The dominoes began to fall. My friend bought his first house with a garage. He loved being on a lake, and he said as soon as he bought a house where he could store a boat, a boat he would get. So, shortly after closing on his house, he bought a boat. After getting the boat, he realized he needed something to tow it with, and what better way to tow than with a truck? So, he set off to buy himself a truck. But not just any truck, mind you — it had to be a manual four-wheel drive that could do it all. This was in the early 2000s, at the height of the dot-com explosion; he found a website where he could order his truck the way he wanted it, and they would deliver it to him. While this is a bit more commonplace today, it was a unique service back then. This truck-selling dot-com quoted him a good price, and what happened next shaped his views on negotiating forever.
My friend was still very skeptical about buying a truck online. In fact, before he went any further, he took the quote he got and brought it to his local dealership to see if they could do better. He walked into the dealership, found the truck he wanted, and scoffed at the sticker price. He told the salesperson that he had a much better deal, but if they could beat that price, he’d buy the truck from them. The salesperson, who’d probably heard the “I have a better deal” line a thousand times, told my friend to prove it. So, my friend pulled out the offer and showed it to the salesperson. Immediately, my friend had changed the bargaining arena (the arena between both parties’ limits where a deal can get done).
That was the first lesson he learned: Information disclosure can anchor and shape the bargaining arena. At that point, the salesperson knew my friend wasn’t bluffing and was a serious buyer. The salesperson also knew that he had a problem, because that price was well below what he could do. So, instead of arguing about it, the salesperson did the same thing my friend did and produced an invoice that showed my friend that his quote was a lot less than what the dealership paid for the truck from the manufacturer, even with incentives.
That was the second lesson he learned: Information disclosure can help expedite negotiations. Without the information disclosure, both my friend and the salesperson could have spent a lot of time arguing, trying to persuade each other regarding the quote and/or dealer’s price. Instead, they saved a lot of time simply by sharing information. Before long, they both knew that a deal wasn’t possible given my friend’s quote and the dealer’s price.
Armed with this newfound knowledge that the local dealer could not beat the price of the truck-selling dot-com, my friend decided to jump in and buy the truck. The site made purchasing convenient, and they even gave him financing options, which he took advantage of. A few weeks later, my friend’s truck arrived at his house just as the site promised and for the price they’d agreed upon. Everything was good . . . almost.
Three months went by, and my friend still hadn’t received the bill for his first payment on the truck. While he was thrilled that he hadn’t actually had to pay anything for the truck so far, he knew that if this issue wasn’t addressed soon, it would probably lead to a bigger problem for him down the road. So, he called to find out what was going on. Turns out, there was a technical glitch on the site — he never signed the financing paperwork.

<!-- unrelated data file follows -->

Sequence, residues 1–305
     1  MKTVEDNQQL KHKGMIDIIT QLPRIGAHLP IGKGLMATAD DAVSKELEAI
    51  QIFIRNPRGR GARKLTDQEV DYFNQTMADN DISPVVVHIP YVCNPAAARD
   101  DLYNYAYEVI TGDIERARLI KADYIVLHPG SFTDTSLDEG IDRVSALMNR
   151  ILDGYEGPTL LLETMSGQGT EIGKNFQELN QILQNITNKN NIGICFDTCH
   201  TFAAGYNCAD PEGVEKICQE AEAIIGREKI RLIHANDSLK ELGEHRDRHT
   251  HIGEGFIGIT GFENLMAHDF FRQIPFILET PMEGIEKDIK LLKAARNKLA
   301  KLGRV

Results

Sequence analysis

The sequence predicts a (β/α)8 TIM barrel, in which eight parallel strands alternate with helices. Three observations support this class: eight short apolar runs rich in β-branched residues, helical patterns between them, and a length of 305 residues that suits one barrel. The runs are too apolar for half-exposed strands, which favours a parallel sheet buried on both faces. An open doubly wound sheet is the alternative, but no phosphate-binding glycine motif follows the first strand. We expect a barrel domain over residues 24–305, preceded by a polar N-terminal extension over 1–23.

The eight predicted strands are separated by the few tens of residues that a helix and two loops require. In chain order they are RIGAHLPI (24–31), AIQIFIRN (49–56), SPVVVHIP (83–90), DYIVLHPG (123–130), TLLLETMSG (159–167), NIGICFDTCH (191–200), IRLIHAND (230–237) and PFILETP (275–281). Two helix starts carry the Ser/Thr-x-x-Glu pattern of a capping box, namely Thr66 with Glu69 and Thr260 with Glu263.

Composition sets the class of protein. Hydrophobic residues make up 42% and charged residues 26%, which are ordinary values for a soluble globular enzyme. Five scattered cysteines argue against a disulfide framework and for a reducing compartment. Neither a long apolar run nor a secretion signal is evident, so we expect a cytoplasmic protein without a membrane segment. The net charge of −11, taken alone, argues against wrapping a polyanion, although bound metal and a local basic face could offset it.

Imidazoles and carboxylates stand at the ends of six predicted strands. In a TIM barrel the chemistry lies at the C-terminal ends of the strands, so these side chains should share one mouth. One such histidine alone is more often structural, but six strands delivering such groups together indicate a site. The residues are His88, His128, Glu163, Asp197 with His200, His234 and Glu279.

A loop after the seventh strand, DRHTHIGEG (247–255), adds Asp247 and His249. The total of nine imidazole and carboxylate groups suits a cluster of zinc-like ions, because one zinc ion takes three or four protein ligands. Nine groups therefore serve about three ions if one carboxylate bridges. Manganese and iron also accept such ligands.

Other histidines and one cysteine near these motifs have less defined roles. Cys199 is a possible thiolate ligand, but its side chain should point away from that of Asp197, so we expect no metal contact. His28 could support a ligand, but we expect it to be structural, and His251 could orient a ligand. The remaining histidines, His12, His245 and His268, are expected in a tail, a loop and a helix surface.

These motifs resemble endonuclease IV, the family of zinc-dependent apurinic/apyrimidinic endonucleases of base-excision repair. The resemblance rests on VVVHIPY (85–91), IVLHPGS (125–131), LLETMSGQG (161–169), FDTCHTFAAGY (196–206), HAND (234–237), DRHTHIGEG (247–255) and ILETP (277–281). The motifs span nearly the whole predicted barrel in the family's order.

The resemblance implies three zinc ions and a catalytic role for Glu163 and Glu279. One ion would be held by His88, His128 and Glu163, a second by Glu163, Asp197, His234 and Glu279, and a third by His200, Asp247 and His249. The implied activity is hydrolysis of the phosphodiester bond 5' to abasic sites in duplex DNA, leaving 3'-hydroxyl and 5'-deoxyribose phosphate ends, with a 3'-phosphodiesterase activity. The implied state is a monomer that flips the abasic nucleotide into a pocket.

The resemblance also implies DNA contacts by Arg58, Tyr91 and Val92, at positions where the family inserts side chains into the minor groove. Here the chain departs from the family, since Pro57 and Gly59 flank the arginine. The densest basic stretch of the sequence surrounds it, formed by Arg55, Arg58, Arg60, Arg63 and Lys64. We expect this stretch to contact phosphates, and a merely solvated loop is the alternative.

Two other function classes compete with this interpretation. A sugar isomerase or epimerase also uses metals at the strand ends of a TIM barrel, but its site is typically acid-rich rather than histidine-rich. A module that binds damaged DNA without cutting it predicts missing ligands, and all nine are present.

They overnighted the paperwork, and when he got it he noticed that they increased his finance rate by 1%. He called back to get it fixed, and they told him that that number was based on their current rate. Knowing that he didn’t want to pay anything more for the truck (after all, he just bought a house and a boat too!), he told them to come and pick it up. They were so stunned by the possibility of having to pick up the new truck, which by then had 90 days of well-used miles on it, that they instead offered 3% below the original rate. He took the rate, kept the truck, and learned his third lesson: The more information you have, the better the position you’ll be in to negotiate.
The last lesson really struck my friend, because all they had to do for him to keep the truck was honor the original deal. But they never asked what they could do. They just assumed that he wanted a better rate. While he benefitted, he saw that not having all that information left them in a vulnerable position.
In the end, my buddy’s house-boat-truck experience taught him a lot about the power of information at the negotiating table — from how to shape the negotiation to how to expedite it and, ultimately, how to use information to put yourself in a stronger position. All that, plus he got to spend lots of time on a lake. Not a bad life lesson.
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About the author:
Sure, we could whip up a snappy bio about Brian’s experience as an entrepreneur, business owner, and Fortune 500 executive. While we’re at it, we could go on for an afternoon about his 20 years in marketing and advertising, developing brilliant consumer-engagement strategies for the likes of Google, Amazon, Samsung, Virgin Mobile, Microsoft, and Sony. But knowing Brian, he’d rather we not. Instead, he’d likely ask us to focus on something else — namely, other people ...